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by Jared Diamond

  • ISBN: 0143124404
  • Category: History
  • Author: Jared Diamond
  • Subcategory: Americas
  • Other formats: txt azw doc mbr
  • Language: English
  • Publisher: Penguin Books; Reprint edition (October 29, 2013)
  • Pages: 512 pages
  • FB2 size: 1773 kb
  • EPUB size: 1195 kb
  • Rating: 4.2
  • Votes: 844
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The World Until Yesterday: What Can We Learn from Traditional Societies? is a 2012 popular science book by American intellectual Jared Diamond.

The World Until Yesterday: What Can We Learn from Traditional Societies? is a 2012 popular science book by American intellectual Jared Diamond. It explores what people living in the Western world can learn from traditional societies, including differing approaches to conflict resolution, treatment of the elderly, childcare, the benefits of multilingualism and a lower salt intake.

Also by jared diamond. An airport scene Why study traditional societies? States Types of traditional societies Approaches, causes, and sources A small book about a big subject Plan of the book. April 30, 2006, 7:00 . Guns, Germs, and Steel. Why Is Sex Fun? The Third Chimpanzee. From traditional societies? Viking. I’m in an airport’s check-in hall, gripping my baggage cart while being jostled by a crowd of other people also checking in for that morning’s first flights.

Insofar as we can judge from archaeological evidence about the organization of past societies, probably all humans .

Insofar as we can judge from archaeological evidence about the organization of past societies, probably all humans lived in such bands until at least a few tens of thousands of years ago, and most still did as recently as 11,000 years ago. When Europeans began, especially after Columbus’s first voyage of AD 1492, to expand around the world and to encounter non-European peoples living in non-state societies, bands still occupied all or most of Australia and the Arctic, plus low-productivity desert and forest environments of the Americas and sub-Saharan Africa.

The World Until Yesterday book. Specifically, we could afford to learn a thing or two from traditional societies when it comes to conflict resolution (how to re-establish and mend relationships); raising children (that it really does take a whole village to raise a child); treating the elderly (that they are deserving of respect, and are still capable of contributing to the community in.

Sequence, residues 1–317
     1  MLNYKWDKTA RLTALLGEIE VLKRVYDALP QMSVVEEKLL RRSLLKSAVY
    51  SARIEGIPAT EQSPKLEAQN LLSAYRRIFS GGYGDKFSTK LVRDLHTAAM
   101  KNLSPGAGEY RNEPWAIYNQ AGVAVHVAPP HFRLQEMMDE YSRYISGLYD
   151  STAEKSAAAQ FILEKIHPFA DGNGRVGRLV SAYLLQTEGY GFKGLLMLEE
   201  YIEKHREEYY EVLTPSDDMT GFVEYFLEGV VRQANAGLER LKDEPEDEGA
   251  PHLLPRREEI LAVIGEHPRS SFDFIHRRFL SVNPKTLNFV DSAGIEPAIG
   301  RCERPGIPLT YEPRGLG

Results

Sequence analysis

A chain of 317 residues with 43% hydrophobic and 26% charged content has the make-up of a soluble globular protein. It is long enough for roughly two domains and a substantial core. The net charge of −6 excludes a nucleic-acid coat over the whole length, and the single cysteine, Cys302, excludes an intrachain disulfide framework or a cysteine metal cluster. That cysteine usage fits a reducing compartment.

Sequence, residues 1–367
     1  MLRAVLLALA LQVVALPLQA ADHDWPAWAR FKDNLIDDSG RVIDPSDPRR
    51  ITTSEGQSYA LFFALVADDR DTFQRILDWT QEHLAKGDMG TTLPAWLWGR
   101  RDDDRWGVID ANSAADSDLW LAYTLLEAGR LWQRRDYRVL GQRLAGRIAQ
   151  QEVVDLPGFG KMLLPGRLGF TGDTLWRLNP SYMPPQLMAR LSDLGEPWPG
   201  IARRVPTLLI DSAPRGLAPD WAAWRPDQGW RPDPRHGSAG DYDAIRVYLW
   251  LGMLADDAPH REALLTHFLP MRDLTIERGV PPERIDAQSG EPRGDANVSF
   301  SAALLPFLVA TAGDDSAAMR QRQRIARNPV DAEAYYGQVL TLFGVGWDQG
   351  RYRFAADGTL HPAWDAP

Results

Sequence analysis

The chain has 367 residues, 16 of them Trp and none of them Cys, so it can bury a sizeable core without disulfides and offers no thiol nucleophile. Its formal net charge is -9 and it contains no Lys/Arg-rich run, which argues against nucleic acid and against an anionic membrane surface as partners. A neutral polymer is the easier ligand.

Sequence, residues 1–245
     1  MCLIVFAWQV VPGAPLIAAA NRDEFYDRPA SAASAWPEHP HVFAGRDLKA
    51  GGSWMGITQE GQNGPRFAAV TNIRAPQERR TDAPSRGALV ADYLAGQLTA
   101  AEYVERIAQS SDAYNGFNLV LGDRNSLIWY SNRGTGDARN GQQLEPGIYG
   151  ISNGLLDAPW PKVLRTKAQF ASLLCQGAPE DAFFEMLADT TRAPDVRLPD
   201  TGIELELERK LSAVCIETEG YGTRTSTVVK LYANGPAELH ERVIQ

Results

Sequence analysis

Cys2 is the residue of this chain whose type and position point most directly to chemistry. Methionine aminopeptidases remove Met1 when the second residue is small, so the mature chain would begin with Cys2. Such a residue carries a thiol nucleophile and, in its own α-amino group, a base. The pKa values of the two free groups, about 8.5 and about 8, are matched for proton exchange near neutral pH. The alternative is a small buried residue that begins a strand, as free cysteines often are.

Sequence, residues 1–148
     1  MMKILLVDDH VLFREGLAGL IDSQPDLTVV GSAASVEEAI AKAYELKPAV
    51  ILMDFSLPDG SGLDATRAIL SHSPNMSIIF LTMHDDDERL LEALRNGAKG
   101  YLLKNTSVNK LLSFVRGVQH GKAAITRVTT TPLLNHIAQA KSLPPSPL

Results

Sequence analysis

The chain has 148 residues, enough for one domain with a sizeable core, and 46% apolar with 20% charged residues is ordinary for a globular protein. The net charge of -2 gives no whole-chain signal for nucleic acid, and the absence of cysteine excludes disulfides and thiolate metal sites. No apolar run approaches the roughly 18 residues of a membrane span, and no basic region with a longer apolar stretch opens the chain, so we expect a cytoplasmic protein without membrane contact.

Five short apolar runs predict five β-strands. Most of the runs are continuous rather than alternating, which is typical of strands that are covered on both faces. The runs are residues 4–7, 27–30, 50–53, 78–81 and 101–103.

The World Until Yesterday explores the lessons modern humans can learn from the primitive hunter-gatherer societies that roamed the earth before centralized governments emerged. Anyone interested in what life was like tens of thousands of years ago. Anyone who wants to know lessons simple hunter-gatherer groups can teach us in modern society. Jared Diamond is a respected American scientist and a Pulitzer prize-winning author of several popular science books such as Guns, Germs and Steel.

This Ri event, titled "The world until yesterday', took place on 1 October 2013.

Traditional small-scale societies still occupied much of the world five centuries ago, before Europeans started on. .That’s why I chose as my book title The World until Yesterday.

Traditional small-scale societies still occupied much of the world five centuries ago, before Europeans started on their world-wide expansion of colonization and conquest. A century ago, there were still millions of people living outside state control and without knowledge of the remote outside world. Measured by the time scale of the 6,000,000-year history of the human evolutionary line, traditional societies really did blanket the world until almost yesterday. My readers will find traditional peoples fascinating to read about, for the same reasons that I’ve found them fascinating to live with.

In The World Until Yesterday, Jared Diamond holds up tribal societies as a mirror for our own lives and asks . What have they discovered and what might we learn from them? The most obvious difference between us is that pre-state tribal societies are just a lot more violent.

In The World Until Yesterday, Jared Diamond holds up tribal societies as a mirror for our own lives and asks what we might learn from them. The cycle of raids and revenge-driven counterraids goes on and on.

Unlike his earlier books, The World Until Yesterday is not concerned with constructing grand theories of historical . I do not dislike The World Before Yesterday, much of Diamonds thoughts are well argued. Mostly it lacks the clarity of purpose in the two earlier works